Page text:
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Cryptocurrency Wallets – Cold Wallets, Desktop & Mobile

Published on: 29 June, 2020

At the time of choosing a cryptocurrency wallet, there are many options available on the market. On this post, we’ll go over the different options so that you can have a better understanding of the digital wallets available on the market. We´ve also recently announced the launch of the RWallet, which is another interesting option you may want to explore.

The first thing to have in mind is that there are different types of digital wallets known as hot and cold wallets respectively.

When analyzing the options for hot wallets, we have three typical options:

1 – Desktop Cryptocurrency Wallets

There are many options available on the market. Some typical options are Exodus, Electrum, Armory, Green Address, etc.

2 – Mobile Cryptocurrency Wallets

Exodus also has a mobile version available. Samourai Wallet, BRD, MyCelium are also other typical examples.

3 – Third-Party Cryptocurrency Wallets

Coinbase and Xapo are typical examples of third-party wallets.

Even though hot wallets have different useful features such as exchange functionalities, vault security and multi-signature to mention a few, some users prefer cold storage options in order to have direct control of the private keys. This leads us into cold wallets.

For cold wallets, you basically have two options:

1 – Paper Wallets

With paper wallets you have direct control of the private keys without using any hardware. Popular options are Bitkee, Cryptotag and Cryptosteel.

2 – Hardware Wallets

With hardware wallets you also have direct control over your private keys. Through specific devices such as Trezor, Ledger or Keepkey you create different public addresses and have direct control over the associated private keys.

Digital wallets (single and multicurrency) enable you to receive and send digital assets. For example, when you broadcast a transaction on Bitcoin´s network, miners have to include that transaction within a mined block for comfirmation purposes. Simply put, as long as a transaction is not included within a mined block, it´s not confirmed. All pending transactions are on the mempool and the direct incentive for miners on how to prioritize pending transactions is based on the transaction fee that each user is willing to pay to get each transaction included as fast as possible. This is particularly important in times of high network congestion.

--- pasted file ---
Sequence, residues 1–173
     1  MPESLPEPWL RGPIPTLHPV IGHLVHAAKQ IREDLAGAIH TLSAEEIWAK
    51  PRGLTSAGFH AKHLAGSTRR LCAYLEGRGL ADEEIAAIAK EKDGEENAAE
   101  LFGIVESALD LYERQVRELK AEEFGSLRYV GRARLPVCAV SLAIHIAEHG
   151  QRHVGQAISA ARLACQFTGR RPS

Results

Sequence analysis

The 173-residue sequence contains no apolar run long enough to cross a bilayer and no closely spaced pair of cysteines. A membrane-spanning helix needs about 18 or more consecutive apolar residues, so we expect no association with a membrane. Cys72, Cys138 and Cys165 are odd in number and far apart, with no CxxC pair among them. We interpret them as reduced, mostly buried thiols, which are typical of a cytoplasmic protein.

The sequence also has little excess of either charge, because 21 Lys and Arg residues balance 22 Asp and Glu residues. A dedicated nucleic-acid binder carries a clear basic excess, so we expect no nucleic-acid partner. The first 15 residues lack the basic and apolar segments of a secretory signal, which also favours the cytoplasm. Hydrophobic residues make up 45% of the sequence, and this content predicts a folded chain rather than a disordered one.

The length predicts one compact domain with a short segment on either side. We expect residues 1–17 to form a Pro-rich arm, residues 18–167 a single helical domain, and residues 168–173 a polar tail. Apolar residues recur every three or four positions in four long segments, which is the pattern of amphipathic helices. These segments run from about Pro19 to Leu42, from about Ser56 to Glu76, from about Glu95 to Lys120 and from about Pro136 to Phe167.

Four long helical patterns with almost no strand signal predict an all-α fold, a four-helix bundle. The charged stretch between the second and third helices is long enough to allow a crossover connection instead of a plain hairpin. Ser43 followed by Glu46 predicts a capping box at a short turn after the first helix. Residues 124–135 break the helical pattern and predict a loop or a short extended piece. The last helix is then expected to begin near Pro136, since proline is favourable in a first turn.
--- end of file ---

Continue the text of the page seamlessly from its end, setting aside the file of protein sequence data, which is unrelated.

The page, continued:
Even though many digital wallets have the exchange function for swaps, there are many tokens that are no listed on cryptocurrency wallets. On those cases, the most typical option is to acquire those digital assets on exchanges. When acquiring digital assets on exchanges, you can withdraw the funds to your local address. For example, if you are purchasing bitcoin, RBTC or a typical Ethereum ERC-20 or ERC-721 token, you can withdraw the funds to the appropiate public addresses you created on your digital wallet.

Common practice usually entails using hardware wallets to hold those funds with direct control over the private keys. When dealing with exchanges, is always advisable to enable two-factor-authentication to add an extra layer of security. You write down your key (in case you need to claim the account) and then scan the QR code with apps like Google Authenticator or Authy.

One final important concept to have in mind, is that cryptocurrency wallets don´t actually hold your funds. Unlike physical wallets, the funds are on each blockchain. This is a key difference as you can always recover your funds through the seed, which you have to protect from third parties. Anybody getting access to your seed can immediately access your funds so that´s why protecting your private key is of paramount importance.

RSK has recently launched the RSK libraries, which enabled the creation of the RWallet. It will initially support RBTC, BTC and RIF cryptocurrencies. The new RWallet is designed for mobile users, and has been developed to support both Android and iOS devices. The wallet uses a secure seed to generate the private key and provide the users with a backup and recovery process to restore it if they misplace or lose access to their device.

In addition to storing, sending and receiving, the wallet provides swap functionalities, enabling certain assets to be swapped within the wallet using third party services. This will be especially useful to users looking to swap between BTC and RBTC and experiment with DeFi.  Stay tuned!